There are other clues that released the game before it was ready, such as the geometric lines that mysteriously appear on the mountainside. Another time I was supposed to untie some Vikings whom I had untied before the game told me to, so when I “untied” them a second time they fell down, then got up and cheered. Weird. And while the boss battles and army wars are lots of fun, there is usually so much happening that the game can’t keep up, and slowdown plagues the .

Technical problems aside, Viking’s most glaring flaw becomes most evident after you’ve finished the first world and you realize you have to do the same exact thing again in a new part of Midgard: freeing Vikings and then leading them into battle. In other words, Viking: Battle for Asgard gives a terrific first impression, but eventually wears out its welcome, falling into a tedious pattern. Imagine awesome beat-em-ups like Streets of Rage or TMNT IV overstaying their welcome by 5 or 6 hours and you have an idea of how Vikings ends. I suggest renting it, if you can stomach the offensive content:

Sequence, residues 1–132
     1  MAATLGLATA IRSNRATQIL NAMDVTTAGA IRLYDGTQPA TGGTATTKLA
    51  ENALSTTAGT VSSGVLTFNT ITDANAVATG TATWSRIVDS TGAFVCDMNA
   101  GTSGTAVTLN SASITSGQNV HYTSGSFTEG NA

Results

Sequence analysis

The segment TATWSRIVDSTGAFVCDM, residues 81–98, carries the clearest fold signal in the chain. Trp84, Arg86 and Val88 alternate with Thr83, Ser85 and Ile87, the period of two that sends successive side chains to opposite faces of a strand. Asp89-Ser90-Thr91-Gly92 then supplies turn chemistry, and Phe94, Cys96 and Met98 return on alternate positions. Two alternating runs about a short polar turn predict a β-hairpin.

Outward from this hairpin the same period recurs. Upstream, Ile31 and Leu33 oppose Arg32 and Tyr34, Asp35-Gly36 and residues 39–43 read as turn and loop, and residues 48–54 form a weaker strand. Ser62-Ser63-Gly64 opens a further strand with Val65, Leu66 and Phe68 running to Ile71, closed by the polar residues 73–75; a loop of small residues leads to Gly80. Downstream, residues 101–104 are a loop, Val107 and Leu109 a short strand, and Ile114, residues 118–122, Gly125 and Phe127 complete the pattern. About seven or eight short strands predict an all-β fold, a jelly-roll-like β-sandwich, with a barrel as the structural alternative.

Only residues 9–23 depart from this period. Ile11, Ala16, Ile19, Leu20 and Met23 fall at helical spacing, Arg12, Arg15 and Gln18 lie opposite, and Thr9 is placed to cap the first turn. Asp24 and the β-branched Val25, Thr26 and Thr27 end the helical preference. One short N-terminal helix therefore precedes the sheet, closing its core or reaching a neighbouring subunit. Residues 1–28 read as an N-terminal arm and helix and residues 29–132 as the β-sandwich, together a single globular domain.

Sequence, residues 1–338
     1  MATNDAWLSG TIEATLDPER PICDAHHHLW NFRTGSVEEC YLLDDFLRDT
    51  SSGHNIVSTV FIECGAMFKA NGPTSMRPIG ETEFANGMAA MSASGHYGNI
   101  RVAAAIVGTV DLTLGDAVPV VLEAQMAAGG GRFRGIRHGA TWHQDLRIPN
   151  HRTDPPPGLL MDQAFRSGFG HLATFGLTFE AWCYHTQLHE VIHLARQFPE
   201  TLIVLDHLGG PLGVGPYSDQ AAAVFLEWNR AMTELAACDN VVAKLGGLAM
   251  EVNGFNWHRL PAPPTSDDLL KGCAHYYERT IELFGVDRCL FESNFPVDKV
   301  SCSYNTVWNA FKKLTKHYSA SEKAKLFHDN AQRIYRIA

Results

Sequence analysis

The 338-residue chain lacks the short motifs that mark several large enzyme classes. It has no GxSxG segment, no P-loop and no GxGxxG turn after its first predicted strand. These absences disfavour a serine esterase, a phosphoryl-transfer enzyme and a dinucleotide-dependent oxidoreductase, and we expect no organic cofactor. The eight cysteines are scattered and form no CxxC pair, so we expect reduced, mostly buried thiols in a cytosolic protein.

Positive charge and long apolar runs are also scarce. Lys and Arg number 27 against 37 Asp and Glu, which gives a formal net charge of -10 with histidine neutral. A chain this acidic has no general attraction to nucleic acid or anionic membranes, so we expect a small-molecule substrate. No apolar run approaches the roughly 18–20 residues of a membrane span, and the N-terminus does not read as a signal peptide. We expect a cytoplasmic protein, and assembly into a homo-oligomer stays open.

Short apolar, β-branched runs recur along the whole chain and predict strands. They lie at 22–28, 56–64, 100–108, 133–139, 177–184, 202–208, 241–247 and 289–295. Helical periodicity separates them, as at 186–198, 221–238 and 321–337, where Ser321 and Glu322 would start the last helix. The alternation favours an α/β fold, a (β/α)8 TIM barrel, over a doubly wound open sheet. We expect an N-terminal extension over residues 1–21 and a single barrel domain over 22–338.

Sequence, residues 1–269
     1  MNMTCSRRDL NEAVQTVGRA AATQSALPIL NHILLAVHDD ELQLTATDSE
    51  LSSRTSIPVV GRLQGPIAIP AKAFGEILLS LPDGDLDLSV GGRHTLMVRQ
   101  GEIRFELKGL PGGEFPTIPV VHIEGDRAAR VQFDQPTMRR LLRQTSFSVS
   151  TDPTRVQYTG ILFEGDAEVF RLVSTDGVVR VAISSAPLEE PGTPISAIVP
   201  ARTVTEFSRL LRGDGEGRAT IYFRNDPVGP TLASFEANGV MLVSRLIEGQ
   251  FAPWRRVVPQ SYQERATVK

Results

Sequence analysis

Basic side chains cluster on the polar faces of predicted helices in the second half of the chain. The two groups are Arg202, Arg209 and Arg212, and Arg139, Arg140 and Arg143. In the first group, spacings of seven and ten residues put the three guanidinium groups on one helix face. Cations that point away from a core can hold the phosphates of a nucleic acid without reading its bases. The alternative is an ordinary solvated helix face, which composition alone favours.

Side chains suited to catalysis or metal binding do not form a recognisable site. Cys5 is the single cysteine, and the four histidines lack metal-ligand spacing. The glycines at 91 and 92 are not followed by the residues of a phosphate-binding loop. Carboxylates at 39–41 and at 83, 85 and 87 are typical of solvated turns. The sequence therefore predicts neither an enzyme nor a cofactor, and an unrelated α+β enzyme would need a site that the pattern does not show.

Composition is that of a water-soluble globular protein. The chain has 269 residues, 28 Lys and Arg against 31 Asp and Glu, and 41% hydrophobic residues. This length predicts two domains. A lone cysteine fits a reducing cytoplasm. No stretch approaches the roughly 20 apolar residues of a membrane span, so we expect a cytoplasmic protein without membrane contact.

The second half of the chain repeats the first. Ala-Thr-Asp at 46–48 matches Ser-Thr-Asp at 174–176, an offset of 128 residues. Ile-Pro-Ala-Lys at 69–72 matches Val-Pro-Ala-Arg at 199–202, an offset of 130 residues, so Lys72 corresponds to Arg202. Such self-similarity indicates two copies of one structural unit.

There is no option to tone down the blood or gore, so what I am about to mention is unavoidable. Skarin’s axe and sword effectively cleave off arms and legs on pretty much every foe he faces. Once an enemy gets something amputated, the player can press a button to pull off a fatality. Heads are hewn from their shoulders. Torsos are hacked loose from their waists. Entrails fly from gutted Legion. Foes are impaled and bludgeoned, often in slow motion so the player can relish the carnage. The game coaches you to “spill the wretch’s blood! Show your might!” Legion corpses, being demons, vanish after death, presumably going back to the underworld. Skarin can leap atop a stunned boss and repeatedly stab him through the face or base of the neck with his bloody sword. Blood flies everywhere. Legion soldiers are seen brutalizing their captives and pilfering the dead for spoils. The headless corpses of your fallen allies lie strewn all around Midgard. Skarin can kill his enemies as they sleep. The one thing that takes the edge off of this violence is the fact that, like Fable before it, the character models give off a plastic sheen, so while it’s excessively bloody it doesn’t come off as realistic.